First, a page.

On a recent trip to the library I saw a book titled “How To Draw And Write In Fountain Pen: A Modern Guide” by Ayano Usamura. (book link) The book reminded me that I’ve not talked about this essential studio tool in a while.
I’ve used a fountain pen almost daily since I was in art school at university. An illustration class required a fountain pen, a Pelikan Classic M200 , as one of it’s “textbooks” for the semester. We were taught the care and use of the pen – the pen care section of the book by Usamura mirrors what I was taught exactly. Part of the class requirement was to draw with the pen daily. The professor would periodically surprise-inspect our pens for proper care/maintenance and would look at our sketchbooks as part of our grade. Woe unto the student who forgot their pen.
Fast forward to now and I’m still drawing with my fountain pen daily. It’s my go-to tool for my on-going art studio philosophy: “Work in short bursts of time. Often.” When I’ve only a minute or two for creativity work I can easily, quickly, do an ink drawing without having to do any more “studio-set-up” than to open my sketchbook and pull the cap off my pen. Here’s todays fountain pen drawing:
Nowadays I prefer the Levenger True Writer. It’s the best fountain pen I’ve had yet. Writes and draws smooth lines with no pressure, less mess and less constant care needed than some other pens. I use the Noodlers brand fountain pen ink – the anti-feather black kind (also called “X-feather”). And of course these days I have a whole new appreciation for the environmental friendliness of a fountain pen; less used-up-pen-plastic-parts going into the land-fill.
Anyway, the book “How to Draw and Write in Fountain Pen” happily reminded me of what I’d been taught way back in the day at university. I brought the book home from the library to read and re-remember all the fountain pen tips and tricks. And, if the book was accurate to my fountain pen experience (it was!), I could mention it to you here on my blog – and photograph the book with my Levenger fountain pen for a post on my Instagram page.
Now if you’ll excuse me I’m going to go lovingly re-fill the ink in my fountain pen.
P.S. If you were wondering – I did use a fountain pen to do the graphic-novel style drawings in my recently published book “Dr. Bob’s Emotional Repair Program First Aid Kit“.
Update: After I had written the above post about fountain pens I went to dinner in Portland Oregon. From dinner we all walked to Oblation Papers and Press – where I happily discovered that they have a wide selection of fountain pens!! And staff who know the various pen brands! Here’s a link to their drool-worthy website https://www.oblationpapers.com/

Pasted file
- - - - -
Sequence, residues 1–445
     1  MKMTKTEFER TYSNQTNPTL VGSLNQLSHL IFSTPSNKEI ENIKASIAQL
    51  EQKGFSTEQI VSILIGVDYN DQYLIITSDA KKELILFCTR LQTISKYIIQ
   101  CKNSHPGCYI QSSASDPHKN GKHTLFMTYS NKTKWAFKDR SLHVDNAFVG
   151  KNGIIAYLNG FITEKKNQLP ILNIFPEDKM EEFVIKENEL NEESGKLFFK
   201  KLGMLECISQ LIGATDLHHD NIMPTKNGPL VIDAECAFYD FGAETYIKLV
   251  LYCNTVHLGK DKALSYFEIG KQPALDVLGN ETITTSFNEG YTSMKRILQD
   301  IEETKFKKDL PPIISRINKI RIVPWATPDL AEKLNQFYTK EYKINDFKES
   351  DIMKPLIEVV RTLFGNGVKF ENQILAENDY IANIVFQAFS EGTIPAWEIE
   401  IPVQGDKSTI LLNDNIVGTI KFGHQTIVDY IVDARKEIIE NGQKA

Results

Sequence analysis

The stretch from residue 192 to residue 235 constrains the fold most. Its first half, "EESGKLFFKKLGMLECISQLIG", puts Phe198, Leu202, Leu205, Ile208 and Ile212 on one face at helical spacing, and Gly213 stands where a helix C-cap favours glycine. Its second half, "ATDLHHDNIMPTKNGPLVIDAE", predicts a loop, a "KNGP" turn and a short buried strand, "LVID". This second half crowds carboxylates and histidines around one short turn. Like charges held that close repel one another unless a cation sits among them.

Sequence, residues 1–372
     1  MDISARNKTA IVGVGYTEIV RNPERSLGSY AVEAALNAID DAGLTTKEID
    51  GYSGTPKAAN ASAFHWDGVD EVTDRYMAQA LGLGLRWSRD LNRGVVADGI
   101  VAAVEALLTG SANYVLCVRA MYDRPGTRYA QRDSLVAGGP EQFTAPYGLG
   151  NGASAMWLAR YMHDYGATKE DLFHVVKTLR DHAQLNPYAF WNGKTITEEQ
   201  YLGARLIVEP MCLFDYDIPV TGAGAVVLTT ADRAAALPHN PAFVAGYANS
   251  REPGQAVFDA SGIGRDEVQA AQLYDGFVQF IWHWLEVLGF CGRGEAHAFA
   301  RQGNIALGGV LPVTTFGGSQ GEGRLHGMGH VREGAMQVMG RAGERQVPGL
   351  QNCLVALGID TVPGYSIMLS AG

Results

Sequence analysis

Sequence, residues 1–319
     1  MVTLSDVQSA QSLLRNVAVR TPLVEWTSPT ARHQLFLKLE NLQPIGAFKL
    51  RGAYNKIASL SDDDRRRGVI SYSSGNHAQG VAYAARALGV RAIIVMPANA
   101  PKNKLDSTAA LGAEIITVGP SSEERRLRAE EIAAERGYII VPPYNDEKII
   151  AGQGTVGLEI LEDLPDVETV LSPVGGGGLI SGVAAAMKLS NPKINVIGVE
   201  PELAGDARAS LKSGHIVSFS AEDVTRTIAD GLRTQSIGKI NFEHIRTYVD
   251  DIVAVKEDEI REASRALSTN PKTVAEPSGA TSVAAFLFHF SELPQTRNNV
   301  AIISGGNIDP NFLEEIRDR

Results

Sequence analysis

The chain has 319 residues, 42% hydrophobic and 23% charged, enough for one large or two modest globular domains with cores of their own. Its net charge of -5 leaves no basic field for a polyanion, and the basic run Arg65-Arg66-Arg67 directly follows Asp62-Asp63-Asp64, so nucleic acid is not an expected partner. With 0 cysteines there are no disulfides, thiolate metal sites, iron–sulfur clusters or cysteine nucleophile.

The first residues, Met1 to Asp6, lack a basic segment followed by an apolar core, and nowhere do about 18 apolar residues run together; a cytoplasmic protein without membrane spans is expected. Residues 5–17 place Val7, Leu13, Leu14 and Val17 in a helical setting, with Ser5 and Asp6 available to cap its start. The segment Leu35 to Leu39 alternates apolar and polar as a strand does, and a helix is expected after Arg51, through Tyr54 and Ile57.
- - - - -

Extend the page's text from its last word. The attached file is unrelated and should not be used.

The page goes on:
8 thoughts on “ode to fountain pens”
I use fountain pens to write, too though mine are not fancy except 1 that was hand made. It’s so fancy I’m afraid to use it. The craftsman recommended Noodlers ink too. I’m going to find this book and have a look and learn how to write nicely with my fancy pen.
Glad to know that I share “pen love” with you!! Wow! A handmade pen!! Oh, use it Susanne – just breathe and use it! You write and think well and your thoughts merit a good quality tool for their expression! A good tool supports good thoughts! I find that the good-tool brings forward my “better self” – in that I work harder to do something that merits that nice paper/pen! Especially when I paradoxically just relax and use the “fancy” stuff as if it were a cheap thing. Here’s hoping you’ll be able to find a copy of the book, some Noodlers ink and will write however nicely or messily with your fancy pen! Let the ink flow!!
This is all very interesting to me. I didn’t know that refillable fountain pens were still made, although I should have guessed. I’ve never had one, so didn’t know much about this. This reminds me that when I started third grade in the upstairs of my old (even for that time) school, the desks were double-seaters with holes on the tops where inkwells would have fit in years past. I had to ask what they were!
Delighted my post was interesting to you! Yes, refillable fountain pens are still made and are having a renaissance currently due to their environmentally-friendly qualities. I’ve updated my blog post with a link to another store (besides Levenger the one I’d mentioned in the post) in the Portland Or. area that has a wide selection of pens and staff that can answer questions re. They’ll ship world-wide too. Funny you should mention the desks with holes in them! I had the same experience when I was a kid: seeing the old-even-at-that-time desks with holes and asking about what they were! Thanks for your comment!
I love your drawing of the bear — so much texture it’s hard to believe you used just a pen! And I remember those desks with holes too. We used fountain pens in elementary school, only they were the kind with little plastic cartridges.
Thank you Audrey for your comment! That’s fun that you, too, used a fountain pen in school! Do you still use a fountain pen when you write?
No, I use cheap ball-points these days (and I write all my first drafts with pen on paper). I still have some fountain pens around, though. I should redeploy them.
I find that fountain pens have improved since school days. At least I find my Levenger fountain pen a daily reliable no-fuss work horse. Glad to hear someone besides me writes first drafts with pen on paper!!